It located near Century City Mall and you can run in and do some shopping and get some food. My new favorite Chinese restaurant is located here. It is called Meizhou Dongpo and is the first American outpost of a very successful chain restaurant in China which started in Beijing. They became famous because they catered the food in the Olympic village in 2008. Everything I have had there is delicious. I always look forward to eating there.

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Malibu

Malibu is very relaxed on a Sunday. Walk on the beach. Watch the surfers and birds at the lagoon. Have brunch at the Malibu Beach Inn (http://www.malibubeachinn.com), Malibu Farm (http://www.malibu-farm.com) or Nobu (http://www.noburestaurants.com/malibu/experience/). (Nobu)

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Walk around the shopping centers with their new stores. Maybe you will run into Caitlyn Jenner. I love the Malibu Farmer’s Market on Sunday as well. They have some great locally grown items. Sometimes I get fresh bread and cheese and make that a meal with all the samples they give you. Other times, I have one of the meals that they are cooking. As with all farmers markets, the best produce is in the morning and the best deals are at the end of the day.

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Music Center

Growing up in NY, I love theatre and ballet. I’m a regular at the Music Center downtown (http://www.musiccenter.org) . Traffic in LA has gotten so awful that I usually go on a Sunday. I have brunch at a new downtown restaurant or go back to one of my favorites. Anything from chef Joseph Centeno – Baco Mercat, Orsa and Winston, Bar Ama or Ledlow always works for me (http://bacomercat.com). (Disney Hall)

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The Music Center is one of the largest performing arts complexes in the US. It includes the Dorothy Chandler Pavilion, the Ahmanson Theatre, the Mark Taper Forum and the newest building Walt Disney Hall designed by Frank Gehry. The center is home to ongoing community events, arts festivals, outdoor concerts, participatory arts activities and workshops, and educational programs. When I don’t stop for lunch I grab Tina’s Tacos and sit outside and watch people run in and out of the fountain. (Dorothy Chandler)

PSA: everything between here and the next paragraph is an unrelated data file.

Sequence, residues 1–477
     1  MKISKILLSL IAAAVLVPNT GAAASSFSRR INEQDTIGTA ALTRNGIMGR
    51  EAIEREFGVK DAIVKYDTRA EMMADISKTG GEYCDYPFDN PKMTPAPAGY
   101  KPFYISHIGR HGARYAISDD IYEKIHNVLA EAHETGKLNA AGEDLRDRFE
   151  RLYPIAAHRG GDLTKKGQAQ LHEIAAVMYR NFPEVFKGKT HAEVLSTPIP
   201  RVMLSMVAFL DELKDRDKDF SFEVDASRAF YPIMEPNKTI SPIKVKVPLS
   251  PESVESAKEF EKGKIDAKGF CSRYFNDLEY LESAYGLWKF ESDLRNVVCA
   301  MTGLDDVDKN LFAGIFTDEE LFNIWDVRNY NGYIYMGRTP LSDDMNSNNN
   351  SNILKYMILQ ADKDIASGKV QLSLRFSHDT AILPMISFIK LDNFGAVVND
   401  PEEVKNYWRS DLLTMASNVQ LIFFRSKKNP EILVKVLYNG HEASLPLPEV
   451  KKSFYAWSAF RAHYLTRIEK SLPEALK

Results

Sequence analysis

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MOCA and The Geffen Contemporary

The Museum of Contemporary Art (http://moca.org) is right down the street from the Music Center. It’s fun to come down and see an exhibit after having dim sum in Chinatown. The best things in Chinatown are the art galleries where young LA artists show their stuff. You can still buy cheap made in China gifts and check out the herb stores with their dried mushrooms, tea leaves and goji berries. Every displaced New Yorker gets a favorite Chinatown restaurant when they move out here like they had in New York. You will hear a lot of New York accents on Sunday nights. Mine closed.

The Geffen Contemporary, which is MOCA”s very large exhibition space, always has interesting exhibits and is in Little Tokyo. I like to have sushi there and walk around the malls. It feels like Japan. I like Sushi Gen but I don’t like the lines. They open at 1115 if you get there early you can avoid the queue. (http://sushigen.org) Café Dulce in Japanese Village Plaza is the place for donuts afterward.

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Early movie and dinner

No matter where I have lived, my favorite thing to do on Sunday is always an early movie and dinner at a local restaurant. My usual movie theatres are in Westwood which means Lebanese food at Sunnin (http://sunnin.com), Italian food at Palmeri in Brentwood (http://www.palmeriristorantespa.com)  or the new Ingo Diner in Santa Monica (http://www.ingostastydiner.com).

Fly safe,

JAZ